While the dream of a 3D printer in every home remains challenging, industrial and commercial uses of 3D Printing technology are expected to pick up speed as the costs of the large scale industrial printers drop and the technology continues to evolve.

Right now you have General Electric, Boeing, and Ford using 3D Printing technology to make parts.  Nike “printed” cleats for its shoes used in the 2014 Super Bowl in the US and Hershey is designing and “printing” chocolates.  In what would have seemed science fiction a few decades ago, 3D Printing is already used to create human body parts replacements, such as custom-fitted jawbones and orthopedic implants.  

Large scale 3D printers are not limited to plastic; suitable materials include titanium, ceramics, wood, aluminum, powdered stainless steel, and gold and silver.  From an investing point of view, the business model of 3D Printing companies is ideal, as revenue does not stop with the sale of the printer.  Both privately held and publicly traded 3D Printing companies offer a range of supplies and services needed to keep the printers up and running, which means recurring revenue streams.

Independent research firm Canalys is one of several with robust growth estimates for this potentially disruptive technology.  Canalys forecasts the sector revenues rising from $2.5 billion in 2013 to $3.8 billion in 2014.  Over five years, the firm estimates a year-over-year growth rate of 45.7%.  To put that in perspective, that is a 500% increase in five years.  An analyst at the firm stated the sector “has now moved from a new and much-hyped, but largely unproven, manufacturing process to a technology with the ability to produce real, innovative, complex and robust products.’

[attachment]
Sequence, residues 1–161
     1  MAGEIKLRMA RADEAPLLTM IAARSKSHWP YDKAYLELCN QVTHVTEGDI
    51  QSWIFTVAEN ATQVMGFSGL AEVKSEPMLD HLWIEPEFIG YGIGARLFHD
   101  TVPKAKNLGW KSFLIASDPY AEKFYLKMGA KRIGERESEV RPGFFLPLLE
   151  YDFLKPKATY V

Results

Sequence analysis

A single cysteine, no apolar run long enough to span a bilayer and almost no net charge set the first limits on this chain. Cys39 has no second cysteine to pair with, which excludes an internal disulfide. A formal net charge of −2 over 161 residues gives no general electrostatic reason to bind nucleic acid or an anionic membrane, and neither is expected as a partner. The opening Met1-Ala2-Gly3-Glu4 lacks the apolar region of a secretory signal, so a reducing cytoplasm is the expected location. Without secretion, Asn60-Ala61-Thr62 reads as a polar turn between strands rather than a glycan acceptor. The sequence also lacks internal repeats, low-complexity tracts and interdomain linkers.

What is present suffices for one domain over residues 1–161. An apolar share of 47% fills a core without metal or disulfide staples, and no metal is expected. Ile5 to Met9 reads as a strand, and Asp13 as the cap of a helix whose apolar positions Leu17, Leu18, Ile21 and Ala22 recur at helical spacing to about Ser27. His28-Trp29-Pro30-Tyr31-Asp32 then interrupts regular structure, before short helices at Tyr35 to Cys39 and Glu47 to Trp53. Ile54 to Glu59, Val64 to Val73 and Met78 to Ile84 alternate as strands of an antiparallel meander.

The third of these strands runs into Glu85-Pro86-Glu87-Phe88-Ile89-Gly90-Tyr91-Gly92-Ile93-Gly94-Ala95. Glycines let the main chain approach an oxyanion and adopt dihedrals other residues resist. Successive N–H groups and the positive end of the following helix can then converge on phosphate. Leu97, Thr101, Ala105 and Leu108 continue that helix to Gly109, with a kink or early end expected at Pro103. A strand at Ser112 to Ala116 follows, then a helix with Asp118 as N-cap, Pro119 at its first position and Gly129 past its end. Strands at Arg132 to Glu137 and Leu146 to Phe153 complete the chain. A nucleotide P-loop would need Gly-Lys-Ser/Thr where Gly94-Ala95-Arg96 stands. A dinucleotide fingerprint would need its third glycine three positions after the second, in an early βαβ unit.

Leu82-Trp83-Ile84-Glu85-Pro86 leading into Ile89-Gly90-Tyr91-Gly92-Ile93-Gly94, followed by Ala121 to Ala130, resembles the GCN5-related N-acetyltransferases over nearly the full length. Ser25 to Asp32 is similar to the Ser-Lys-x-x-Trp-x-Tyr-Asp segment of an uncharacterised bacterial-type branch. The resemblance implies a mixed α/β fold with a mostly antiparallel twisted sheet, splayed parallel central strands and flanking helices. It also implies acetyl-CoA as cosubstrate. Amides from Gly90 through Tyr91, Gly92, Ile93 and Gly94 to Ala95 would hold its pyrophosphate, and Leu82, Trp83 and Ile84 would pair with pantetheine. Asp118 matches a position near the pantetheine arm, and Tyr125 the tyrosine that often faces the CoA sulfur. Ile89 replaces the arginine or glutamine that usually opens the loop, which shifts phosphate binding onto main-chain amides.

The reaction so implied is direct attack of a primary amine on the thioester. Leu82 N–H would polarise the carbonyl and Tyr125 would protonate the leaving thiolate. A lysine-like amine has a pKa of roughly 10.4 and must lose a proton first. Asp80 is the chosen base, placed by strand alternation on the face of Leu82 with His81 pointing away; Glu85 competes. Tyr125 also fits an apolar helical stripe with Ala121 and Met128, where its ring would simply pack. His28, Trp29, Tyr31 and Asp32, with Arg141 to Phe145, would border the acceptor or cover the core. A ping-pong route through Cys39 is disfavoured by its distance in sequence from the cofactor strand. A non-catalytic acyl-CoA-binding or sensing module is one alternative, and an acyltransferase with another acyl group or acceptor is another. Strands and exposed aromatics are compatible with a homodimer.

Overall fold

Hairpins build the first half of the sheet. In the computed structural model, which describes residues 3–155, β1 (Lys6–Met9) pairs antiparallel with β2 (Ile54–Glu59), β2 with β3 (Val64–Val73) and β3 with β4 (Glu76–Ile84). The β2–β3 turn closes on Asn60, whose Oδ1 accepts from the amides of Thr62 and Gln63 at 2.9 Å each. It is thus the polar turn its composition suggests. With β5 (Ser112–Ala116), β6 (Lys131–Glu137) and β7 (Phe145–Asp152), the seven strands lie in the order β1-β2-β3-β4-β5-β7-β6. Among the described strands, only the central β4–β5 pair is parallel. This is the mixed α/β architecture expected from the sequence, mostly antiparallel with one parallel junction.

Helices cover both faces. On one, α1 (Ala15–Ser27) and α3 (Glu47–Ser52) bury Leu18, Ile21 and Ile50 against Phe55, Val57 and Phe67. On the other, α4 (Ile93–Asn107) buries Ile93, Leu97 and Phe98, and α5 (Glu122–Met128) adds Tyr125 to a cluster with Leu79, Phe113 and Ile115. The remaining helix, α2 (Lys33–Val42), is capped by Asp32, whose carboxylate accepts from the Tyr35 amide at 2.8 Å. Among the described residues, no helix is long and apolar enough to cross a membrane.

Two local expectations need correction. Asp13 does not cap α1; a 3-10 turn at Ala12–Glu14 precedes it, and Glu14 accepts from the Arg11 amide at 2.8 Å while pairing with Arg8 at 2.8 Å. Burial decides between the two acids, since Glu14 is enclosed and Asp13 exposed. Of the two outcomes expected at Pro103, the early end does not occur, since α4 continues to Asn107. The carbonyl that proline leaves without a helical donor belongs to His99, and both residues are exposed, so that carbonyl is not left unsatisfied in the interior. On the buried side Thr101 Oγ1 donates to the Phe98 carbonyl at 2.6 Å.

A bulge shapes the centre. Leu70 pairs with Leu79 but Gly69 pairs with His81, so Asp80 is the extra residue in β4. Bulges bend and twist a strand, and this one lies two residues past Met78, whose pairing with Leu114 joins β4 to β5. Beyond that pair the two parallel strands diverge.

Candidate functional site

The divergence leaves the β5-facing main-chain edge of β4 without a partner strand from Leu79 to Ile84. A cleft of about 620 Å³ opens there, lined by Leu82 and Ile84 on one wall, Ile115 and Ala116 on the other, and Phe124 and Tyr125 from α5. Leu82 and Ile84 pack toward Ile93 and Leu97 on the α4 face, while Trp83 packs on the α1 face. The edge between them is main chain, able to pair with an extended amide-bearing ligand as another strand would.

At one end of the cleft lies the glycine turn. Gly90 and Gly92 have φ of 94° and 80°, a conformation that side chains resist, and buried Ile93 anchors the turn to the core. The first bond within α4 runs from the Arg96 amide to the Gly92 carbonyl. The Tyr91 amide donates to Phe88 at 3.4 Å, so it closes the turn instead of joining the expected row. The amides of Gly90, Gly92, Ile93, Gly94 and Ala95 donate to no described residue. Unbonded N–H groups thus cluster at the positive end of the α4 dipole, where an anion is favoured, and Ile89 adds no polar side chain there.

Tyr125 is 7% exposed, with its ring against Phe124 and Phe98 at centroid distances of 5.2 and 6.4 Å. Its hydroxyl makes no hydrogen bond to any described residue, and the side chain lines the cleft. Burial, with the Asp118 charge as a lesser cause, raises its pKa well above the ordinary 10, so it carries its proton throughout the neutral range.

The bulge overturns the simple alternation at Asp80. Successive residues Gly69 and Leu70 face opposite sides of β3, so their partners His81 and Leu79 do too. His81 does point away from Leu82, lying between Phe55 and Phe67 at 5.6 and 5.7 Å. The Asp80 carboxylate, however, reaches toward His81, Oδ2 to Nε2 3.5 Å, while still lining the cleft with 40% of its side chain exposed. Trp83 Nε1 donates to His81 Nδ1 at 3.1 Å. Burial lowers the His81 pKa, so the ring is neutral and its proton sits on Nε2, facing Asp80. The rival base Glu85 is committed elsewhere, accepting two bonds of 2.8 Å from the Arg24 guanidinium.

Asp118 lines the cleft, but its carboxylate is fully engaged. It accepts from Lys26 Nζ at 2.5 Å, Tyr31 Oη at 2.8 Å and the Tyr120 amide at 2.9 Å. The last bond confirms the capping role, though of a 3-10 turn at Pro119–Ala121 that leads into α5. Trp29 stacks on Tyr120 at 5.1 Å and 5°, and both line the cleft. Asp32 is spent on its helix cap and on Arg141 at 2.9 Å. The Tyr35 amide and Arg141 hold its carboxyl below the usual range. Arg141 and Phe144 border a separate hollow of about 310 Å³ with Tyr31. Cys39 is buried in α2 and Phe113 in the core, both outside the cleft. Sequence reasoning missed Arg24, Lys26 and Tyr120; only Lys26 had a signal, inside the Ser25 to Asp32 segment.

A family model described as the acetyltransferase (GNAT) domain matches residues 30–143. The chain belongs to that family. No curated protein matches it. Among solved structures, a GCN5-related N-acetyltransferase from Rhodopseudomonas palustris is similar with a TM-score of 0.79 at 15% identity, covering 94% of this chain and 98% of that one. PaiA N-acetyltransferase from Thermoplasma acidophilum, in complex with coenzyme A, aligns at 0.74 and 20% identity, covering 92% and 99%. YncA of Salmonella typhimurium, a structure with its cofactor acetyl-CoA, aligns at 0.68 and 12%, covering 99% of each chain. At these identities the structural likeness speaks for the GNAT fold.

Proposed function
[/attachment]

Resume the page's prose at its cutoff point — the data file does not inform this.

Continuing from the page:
Finally, although consumer adoption of 3d Printing faces more hurdles, investors should take note of the recent launch of the 3D Printing Store on The store currently offers around 200 products that allow consumers to customize the product before it is produced via 3D printers.  In addition, Hewlett Packard, the world’s largest printer manufacturer, is planning to introduce a consumer 3D Printer sometime in 2015.

With that brief overview of the technology, its applications, and its potential, let us now look at some publicly traded 3D Printing companies from US stock exchanges.  The first two are industry leaders with decades of experience while the final two have been publicly traded for less than two years.  Here is the table.



Market Cap

Share Price

52 Week % Change

EPS Next Year

EPS Next 5 Years

IPO Date

(Open/Close Price)








21 Oct 1994


3D Printing Systems







5 Nov 1990


ExOne Company







7 Feb 2013


Voxejet Ag ADR





18 Oct 2013



Additive Manufacturing was born at 3D Systems Inc. (DDD) back in 1984 while rival Stratasys (SSYS) created the plastic infusion technology that led to the term 3D Printing.  3D Systems captured the imagination of investors with its relatively low cost consumer focused 3D Cube Printers.  Not to be outdone, Stratasys bought the privately held company that produces a competitive consumer 3D printing line, MakerBot.  

Both companies also operate in the industrial/commercial space and both have suffered year-to-date from waning investor enthusiasm as some analysts began using the dreaded “bubble” word to describe the dramatic rise in share prices.  From Yahoo Finance US here is a one year price chart for the two companies.

The two newcomers to the sector have no consumer exposure and both have seen dwindling share prices.  Back on 15 August of 2013 XONE closed at $63.49 while German-based Voxejet AG (VJX) that trades in the US under the American Depository Reserve system (ADR) fell from its first day close of $28.80 to the current $15.81.